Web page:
When you’re building a Sales Ops function, it’s important to understand the difference between strategists and tacticians. It’s also important to understand that these terms not only describe roles, but also personality types. And it’s critical that the roles and personality types are aligned.
The cold, hard truth is that out of any 100 human beings, at least 75-80 will be natural tacticians. These are people whose personalities are such that they simply prefer to be given a specific set of tasks to execute. Tacticians will tend to be more focused on the “how” than the “why” behind their efforts. And they are often uncomfortable with uncertainty, ambiguity, and fluidity in their day-to-day work.
On the other hand, the smaller proportion of natural strategists that exist in any population will tend to be wired in such a way that they relish variety and fluidity in their work. They want to understand the underlying principles, concepts, and dynamics that are involved in any situation. And natural strategists are always looking for the next problem to solve, or the next challenge to overcome.
As for the roles within an organization, similar proportions will almost always apply. In other words, out of all of the defined roles in any given company, 75-80% will be more tactical in day-to-day practice, while 20-25% will be more strategic.
Now, one personality type or role isn’t necessary any “better” or “worse” than the other. They’re just different. And to be most successful, you’ll need both in your organization. But by recognizing the differences, you can make more informed and effective staffing decisions as you grow your function over time.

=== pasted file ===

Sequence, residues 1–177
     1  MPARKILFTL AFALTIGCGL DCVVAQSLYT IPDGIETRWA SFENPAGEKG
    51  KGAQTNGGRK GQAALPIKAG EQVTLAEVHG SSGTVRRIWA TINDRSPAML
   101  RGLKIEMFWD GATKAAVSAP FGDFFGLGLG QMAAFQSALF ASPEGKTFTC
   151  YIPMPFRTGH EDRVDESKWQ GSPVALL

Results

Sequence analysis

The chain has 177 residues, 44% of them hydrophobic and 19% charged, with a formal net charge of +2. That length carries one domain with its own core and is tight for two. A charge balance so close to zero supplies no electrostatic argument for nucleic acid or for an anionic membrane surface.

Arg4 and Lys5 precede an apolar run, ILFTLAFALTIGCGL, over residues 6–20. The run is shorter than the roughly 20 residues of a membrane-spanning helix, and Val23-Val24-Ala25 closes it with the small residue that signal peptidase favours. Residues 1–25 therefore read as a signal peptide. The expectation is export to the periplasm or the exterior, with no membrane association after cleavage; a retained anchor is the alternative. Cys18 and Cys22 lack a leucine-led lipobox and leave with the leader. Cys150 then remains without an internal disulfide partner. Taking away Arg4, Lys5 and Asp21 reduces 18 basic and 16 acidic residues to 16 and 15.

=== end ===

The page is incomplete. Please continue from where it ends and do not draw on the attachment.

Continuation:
For example, we recommend that new functions should first hire a relatively small number of strategists, or “Swiss army knives” as we often refer to them. The rationale behind this recommendation has everything to do with the strategic personality type.
Early on, the function is likely to be in “problem solving” mode. It won’t yet be entirely clear what the real priorities are or what the function should be doing longer term. And there will likely be a lot of trial and error involved. The strategist personality thrives in this “figuring it out” stage of development.
Also, the people you hire very early on will be expected to wear a lot of different hats and perform a lot of different tasks. These types of dynamics will tend to make tacticians very uncomfortable. And frankly, it’s much easier for a natural strategist to execute tactically, than for a natural tactician to be more strategic.
Over time, as solutions to the bigger problems are devised and things within the function become much more defined, tacticians can then be hired to perform the specific tasks have been identified or developed.
For more established teams, one of the common problems we see is a mismatch between the role and the personality type.
When a tactician is doing a particularly good job at executing their tasks, it’s only natural to want to promote them. But if you promote a tactical personality to a strategic role, you might be setting that person up for failure. After all, tacticians make great administrators once everything is figured out, but they’re not the best strategic problem solvers.
On the other hand, let’s say a solid strategic thinker impresses you and you promote them to higher position, albeit one that is very tactical. This could also be a recipe for failure as the strategist becomes dissatisfied, negatively affecting their performance or causing them to seek employment elsewhere.
The point is that you need both strategists and tacticians to build an effective Sales Ops function. But the roles and personalities are not interchangeable…and you’ve got to understand the differences.
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